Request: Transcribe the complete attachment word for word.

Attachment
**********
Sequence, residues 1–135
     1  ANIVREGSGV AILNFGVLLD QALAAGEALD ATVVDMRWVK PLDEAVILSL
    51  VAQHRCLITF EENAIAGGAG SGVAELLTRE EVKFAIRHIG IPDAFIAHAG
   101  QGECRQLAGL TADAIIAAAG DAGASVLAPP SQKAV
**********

Sequence, residues 1–135
     1  ANIVREGSGV AILNFGVLLD QALAAGEALD ATVVDMRWVK PLDEAVILSL
    51  VAQHRCLITF EENAIAGGAG SGVAELLTRE EVKFAIRHIG IPDAFIAHAG
   101  QGECRQLAGL TADAIIAAAG DAGASVLAPP SQKAV